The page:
In science fiction, future fashion is often portrayed as audacious, radical and often just a bit silly. But what are we really going to be wearing in the future?
To answer that, we decided to look at the concepts being developed by current design students and emerging designers, as they’re likely to be the ones who are influencing the way we dress in the future.
After pouring through online portfolios of designers from around the world, here we present some of our favourite future fashion and wearable concepts.
This jacket by Icelandic designer Sruli Recht is perfect for when you want to look like you were made with a low polygon count.
While it might look like a digital creation, the reality is far cooler. The jacket is made up of pieces of walnut wood, which are fixed to a wool base to creating the astoundingly digital final effect.
Exo Prosthetic Leg
Designed by William Root, an industrial design major at Pratt Institute in Brooklyn, USA, this prosthetic leg concept both looks amazing and is comfortable to wear.
Intended to be 3D printed in titanium, the prosthetic is created as a virtual model using a 3D scan of the owner’s residual limb, ensuring a perfect fit.
Urbanized Cycling Shoe
Developed by Chicago-based designer Jillian Tackaberry, these futuristic shoes are intended to be fully waterproof and suitable for cycling, while being cool enough to wear anytime.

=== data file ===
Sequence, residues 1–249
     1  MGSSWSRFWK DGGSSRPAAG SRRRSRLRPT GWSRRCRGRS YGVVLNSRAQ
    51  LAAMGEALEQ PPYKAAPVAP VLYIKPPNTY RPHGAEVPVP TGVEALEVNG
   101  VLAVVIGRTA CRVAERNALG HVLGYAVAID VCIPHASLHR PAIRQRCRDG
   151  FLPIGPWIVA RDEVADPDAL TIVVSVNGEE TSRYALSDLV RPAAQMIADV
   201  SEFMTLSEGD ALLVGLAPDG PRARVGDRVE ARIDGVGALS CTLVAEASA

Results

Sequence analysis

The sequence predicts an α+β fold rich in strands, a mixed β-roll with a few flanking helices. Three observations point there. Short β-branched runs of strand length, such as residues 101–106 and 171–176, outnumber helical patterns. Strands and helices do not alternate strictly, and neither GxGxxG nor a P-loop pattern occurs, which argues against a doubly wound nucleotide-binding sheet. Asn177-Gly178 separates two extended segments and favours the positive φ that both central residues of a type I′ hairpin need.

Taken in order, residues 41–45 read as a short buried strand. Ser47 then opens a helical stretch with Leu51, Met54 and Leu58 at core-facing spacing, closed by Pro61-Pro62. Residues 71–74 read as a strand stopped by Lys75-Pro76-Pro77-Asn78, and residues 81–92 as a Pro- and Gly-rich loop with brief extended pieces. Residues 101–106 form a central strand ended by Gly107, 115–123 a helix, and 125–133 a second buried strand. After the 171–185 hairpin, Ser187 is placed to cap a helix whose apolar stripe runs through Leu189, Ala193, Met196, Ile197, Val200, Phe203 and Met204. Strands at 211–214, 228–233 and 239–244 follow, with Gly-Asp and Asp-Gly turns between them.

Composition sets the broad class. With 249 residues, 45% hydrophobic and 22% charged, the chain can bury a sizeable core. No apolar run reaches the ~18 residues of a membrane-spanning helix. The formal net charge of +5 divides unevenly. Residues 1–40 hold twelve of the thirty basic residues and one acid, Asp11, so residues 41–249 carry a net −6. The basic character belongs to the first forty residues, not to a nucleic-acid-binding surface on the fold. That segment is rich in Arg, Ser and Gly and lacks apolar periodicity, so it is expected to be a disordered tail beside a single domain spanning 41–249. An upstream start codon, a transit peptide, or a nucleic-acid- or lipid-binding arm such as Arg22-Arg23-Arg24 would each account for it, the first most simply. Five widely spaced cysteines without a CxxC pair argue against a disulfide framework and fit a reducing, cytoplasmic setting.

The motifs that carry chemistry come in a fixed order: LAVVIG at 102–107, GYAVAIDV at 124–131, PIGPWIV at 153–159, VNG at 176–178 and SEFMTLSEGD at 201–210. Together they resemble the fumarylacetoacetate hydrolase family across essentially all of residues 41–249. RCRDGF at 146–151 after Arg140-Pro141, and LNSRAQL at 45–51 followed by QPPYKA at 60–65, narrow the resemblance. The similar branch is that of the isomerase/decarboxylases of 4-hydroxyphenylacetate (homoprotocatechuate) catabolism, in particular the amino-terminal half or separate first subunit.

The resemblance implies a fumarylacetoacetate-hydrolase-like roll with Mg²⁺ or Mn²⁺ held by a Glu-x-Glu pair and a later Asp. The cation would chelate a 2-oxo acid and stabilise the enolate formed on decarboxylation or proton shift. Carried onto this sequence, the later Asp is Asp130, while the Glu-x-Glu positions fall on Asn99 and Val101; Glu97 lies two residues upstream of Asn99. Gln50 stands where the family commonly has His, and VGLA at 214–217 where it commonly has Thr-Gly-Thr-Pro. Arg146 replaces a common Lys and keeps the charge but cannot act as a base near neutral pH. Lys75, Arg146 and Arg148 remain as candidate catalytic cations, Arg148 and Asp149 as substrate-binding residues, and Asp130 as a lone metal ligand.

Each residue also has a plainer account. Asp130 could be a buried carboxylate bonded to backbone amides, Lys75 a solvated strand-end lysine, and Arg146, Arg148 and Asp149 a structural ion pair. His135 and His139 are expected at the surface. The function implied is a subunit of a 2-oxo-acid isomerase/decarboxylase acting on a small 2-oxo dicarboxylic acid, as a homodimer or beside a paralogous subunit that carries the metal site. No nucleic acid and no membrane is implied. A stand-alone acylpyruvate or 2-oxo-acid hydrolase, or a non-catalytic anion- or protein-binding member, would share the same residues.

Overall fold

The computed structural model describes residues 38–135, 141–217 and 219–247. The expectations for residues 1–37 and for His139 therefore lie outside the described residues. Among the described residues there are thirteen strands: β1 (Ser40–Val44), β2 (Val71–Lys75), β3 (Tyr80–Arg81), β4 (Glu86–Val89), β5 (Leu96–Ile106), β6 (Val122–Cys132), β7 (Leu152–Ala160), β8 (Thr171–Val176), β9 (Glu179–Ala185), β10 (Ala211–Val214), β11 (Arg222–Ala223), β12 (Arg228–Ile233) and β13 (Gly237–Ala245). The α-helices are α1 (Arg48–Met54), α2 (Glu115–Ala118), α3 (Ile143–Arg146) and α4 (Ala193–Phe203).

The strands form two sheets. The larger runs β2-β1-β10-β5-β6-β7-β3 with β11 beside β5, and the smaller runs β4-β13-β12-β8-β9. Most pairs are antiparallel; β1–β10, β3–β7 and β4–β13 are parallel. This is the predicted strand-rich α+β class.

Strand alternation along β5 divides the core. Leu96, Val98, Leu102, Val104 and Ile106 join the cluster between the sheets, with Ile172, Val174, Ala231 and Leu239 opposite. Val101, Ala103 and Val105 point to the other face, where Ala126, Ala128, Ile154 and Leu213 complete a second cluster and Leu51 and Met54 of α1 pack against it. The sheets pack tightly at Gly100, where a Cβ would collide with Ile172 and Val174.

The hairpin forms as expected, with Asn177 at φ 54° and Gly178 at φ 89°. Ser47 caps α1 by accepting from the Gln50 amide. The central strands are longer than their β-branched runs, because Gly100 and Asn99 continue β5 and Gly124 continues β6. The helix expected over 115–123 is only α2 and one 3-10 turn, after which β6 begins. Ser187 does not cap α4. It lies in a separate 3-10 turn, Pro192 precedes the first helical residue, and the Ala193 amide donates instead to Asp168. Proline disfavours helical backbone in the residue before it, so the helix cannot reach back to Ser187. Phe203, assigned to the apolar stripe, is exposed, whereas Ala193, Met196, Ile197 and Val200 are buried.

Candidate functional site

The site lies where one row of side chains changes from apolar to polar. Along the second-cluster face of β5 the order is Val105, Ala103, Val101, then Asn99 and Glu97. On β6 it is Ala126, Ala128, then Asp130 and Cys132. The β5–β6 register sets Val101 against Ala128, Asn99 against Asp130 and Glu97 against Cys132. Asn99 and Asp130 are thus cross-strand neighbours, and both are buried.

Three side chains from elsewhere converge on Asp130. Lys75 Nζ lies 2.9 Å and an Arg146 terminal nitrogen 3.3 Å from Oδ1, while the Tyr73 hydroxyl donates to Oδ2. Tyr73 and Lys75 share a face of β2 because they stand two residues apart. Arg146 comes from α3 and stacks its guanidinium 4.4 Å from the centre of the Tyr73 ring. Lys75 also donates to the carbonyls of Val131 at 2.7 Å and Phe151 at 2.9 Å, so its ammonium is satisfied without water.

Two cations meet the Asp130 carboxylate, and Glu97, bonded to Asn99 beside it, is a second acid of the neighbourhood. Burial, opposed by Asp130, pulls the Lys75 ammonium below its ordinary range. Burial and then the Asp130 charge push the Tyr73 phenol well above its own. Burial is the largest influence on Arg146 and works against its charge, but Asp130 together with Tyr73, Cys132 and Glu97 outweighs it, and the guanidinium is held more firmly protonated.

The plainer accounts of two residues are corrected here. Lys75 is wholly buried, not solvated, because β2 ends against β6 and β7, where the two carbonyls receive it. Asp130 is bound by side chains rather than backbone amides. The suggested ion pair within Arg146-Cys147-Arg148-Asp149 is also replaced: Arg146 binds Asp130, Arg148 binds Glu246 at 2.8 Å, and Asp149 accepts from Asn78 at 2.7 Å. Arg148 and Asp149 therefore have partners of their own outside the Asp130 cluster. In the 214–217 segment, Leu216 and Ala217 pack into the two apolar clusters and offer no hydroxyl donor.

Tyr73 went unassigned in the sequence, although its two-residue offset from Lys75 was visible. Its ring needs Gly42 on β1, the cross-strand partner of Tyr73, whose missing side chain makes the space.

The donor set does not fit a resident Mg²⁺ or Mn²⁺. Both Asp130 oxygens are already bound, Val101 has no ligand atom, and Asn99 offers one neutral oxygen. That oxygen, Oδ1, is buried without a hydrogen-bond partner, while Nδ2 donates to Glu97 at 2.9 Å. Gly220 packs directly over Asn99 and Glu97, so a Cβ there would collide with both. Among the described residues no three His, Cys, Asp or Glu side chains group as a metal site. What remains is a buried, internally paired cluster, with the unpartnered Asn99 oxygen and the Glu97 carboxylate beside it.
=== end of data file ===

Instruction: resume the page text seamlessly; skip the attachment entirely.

The shoes are a combination of ripstop nylon, tweet, patent leather and a reflector material that helps cars see cyclists on the road, and there is even an indicator light built into the heel.
Combining fashion and transport in one nifty unit, the belt scooter by Hungarian design student Ádám Török is a pretty awesome solution to city travel.
When not in use, it functions as sits round the waist out of the way, but can be quickly folded out and made taught for a speedy journey home.
Active Information Respirator
A product developed for city dwellers living in areas with high pollution, particularly China, this respirator is the creation of Alex Morrison, a design student from Loughborough University, UK.
The mask is designed to be more stylish and comfortable than current respirators, and is also paired with an app that informs the wearer of the current local air quality and lets them know when the respirator’s filter needs replacing.
This compact, city-friendly bag is the invention of Lithuanian designer Laura Marija Balčiūnaitė, and is made of an unusual combination of birth plywood and fake leather.
With straps the hold a longboard on the back, the slimline bag can be folded open like a book to reveal spaces for a phone, wallet and notepad or laptop.